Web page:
The meat of the book is broken down to cover all of the individual Ribbon elements, from the button to comboBox to dynamicMenu, and also has a dedicated chapter on using different attributes to format controls.  Every element is provided with complete (and legible) tables that detail what attributes it has, their default values (if any), acceptable parameters and callback signatures.  In many cases, images are even provided to demonstrate exactly how certain attributes display on screen.

It was really important to me that each chapter be something that you could refer back to when writing your code.  I wanted every user to be able to get the answer to this kind of scenario... "Why doesn't my dropDown work?  Oh!  It doesn't support the attribute that I put in!"

What really added to the page count, though, was that we chose to demonstrate by example as well.  There are full examples, rife with XML and VBA, of using each element.  In 90% of the cases, we included an example in each of Excel, Word & Access.  We walk the reader through the creation of the file, as well as hooking up the pieces of code to make things work.  We really made an attempt to teach the "how", rather than just give a "this is the theory, now good luck".  I can't even begin to count the hours that I spent coming up with examples, building them, testing them, and documenting them.  There were a lot that ended up on the cutting room floor, too, some of which ended up as "CAUTION" notes in the book.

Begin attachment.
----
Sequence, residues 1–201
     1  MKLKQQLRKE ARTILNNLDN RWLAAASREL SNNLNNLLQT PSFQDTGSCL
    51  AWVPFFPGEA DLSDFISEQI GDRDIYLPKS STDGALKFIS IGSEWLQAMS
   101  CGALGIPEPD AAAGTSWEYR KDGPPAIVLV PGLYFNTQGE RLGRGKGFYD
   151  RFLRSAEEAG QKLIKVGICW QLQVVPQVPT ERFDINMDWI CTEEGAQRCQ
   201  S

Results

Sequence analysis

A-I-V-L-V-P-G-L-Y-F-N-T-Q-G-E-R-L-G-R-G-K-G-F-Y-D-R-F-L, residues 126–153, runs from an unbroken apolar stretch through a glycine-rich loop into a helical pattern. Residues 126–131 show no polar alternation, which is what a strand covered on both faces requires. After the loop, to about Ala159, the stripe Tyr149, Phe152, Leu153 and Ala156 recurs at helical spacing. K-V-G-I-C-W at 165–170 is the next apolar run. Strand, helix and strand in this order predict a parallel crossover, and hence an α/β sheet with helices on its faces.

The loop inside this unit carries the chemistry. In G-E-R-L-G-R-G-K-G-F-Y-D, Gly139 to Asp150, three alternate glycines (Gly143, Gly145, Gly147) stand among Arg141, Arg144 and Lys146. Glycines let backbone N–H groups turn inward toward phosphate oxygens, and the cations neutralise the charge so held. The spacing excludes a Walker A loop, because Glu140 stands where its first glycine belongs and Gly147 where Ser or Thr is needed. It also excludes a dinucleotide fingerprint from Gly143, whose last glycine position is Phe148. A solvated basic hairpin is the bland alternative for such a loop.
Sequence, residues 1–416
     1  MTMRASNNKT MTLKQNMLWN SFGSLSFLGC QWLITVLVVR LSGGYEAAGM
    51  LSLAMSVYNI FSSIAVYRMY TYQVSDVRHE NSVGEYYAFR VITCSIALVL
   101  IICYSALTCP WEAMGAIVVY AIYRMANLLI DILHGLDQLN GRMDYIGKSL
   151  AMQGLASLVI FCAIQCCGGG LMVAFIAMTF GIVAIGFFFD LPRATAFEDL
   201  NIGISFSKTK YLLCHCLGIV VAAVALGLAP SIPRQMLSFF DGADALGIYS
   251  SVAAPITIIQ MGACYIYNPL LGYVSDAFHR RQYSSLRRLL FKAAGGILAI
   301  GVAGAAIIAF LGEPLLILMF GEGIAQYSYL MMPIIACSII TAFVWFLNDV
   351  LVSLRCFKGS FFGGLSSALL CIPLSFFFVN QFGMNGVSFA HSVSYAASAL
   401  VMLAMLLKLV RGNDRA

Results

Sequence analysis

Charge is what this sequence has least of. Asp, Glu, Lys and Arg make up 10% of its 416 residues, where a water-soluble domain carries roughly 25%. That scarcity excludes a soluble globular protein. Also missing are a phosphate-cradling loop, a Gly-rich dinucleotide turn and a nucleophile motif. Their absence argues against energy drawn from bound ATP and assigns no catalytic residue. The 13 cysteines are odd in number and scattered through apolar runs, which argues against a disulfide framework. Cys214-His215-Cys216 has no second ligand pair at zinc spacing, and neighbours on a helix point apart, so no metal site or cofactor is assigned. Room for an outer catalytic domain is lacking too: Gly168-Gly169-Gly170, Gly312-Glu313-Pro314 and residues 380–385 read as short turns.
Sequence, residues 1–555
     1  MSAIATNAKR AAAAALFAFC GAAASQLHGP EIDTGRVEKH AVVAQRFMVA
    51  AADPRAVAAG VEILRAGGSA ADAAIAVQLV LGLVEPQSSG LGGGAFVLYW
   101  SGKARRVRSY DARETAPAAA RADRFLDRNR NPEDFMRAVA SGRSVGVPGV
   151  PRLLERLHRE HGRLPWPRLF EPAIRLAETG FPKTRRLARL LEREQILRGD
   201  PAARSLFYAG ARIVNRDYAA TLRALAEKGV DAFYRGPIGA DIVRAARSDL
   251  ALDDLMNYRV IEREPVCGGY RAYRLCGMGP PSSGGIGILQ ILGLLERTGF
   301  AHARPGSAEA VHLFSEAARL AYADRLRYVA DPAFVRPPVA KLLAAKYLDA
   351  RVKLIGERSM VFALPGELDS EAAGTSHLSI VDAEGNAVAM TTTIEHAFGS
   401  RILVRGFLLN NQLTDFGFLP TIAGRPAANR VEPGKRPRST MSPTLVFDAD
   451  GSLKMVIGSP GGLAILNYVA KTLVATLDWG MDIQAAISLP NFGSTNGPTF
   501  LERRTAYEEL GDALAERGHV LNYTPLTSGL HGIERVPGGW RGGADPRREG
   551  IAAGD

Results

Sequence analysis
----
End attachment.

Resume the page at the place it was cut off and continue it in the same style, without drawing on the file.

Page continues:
After discussing all the basic controls, we felt that it would be really useful to give some examples of using attributes to provide help to your users.  User interface design and efficiency is a bit of a passion of mine, and after all, this entire book is about creating a good UI.  We felt that drawing the readers attention to some tricks to make life easier for the end user would be pages well written.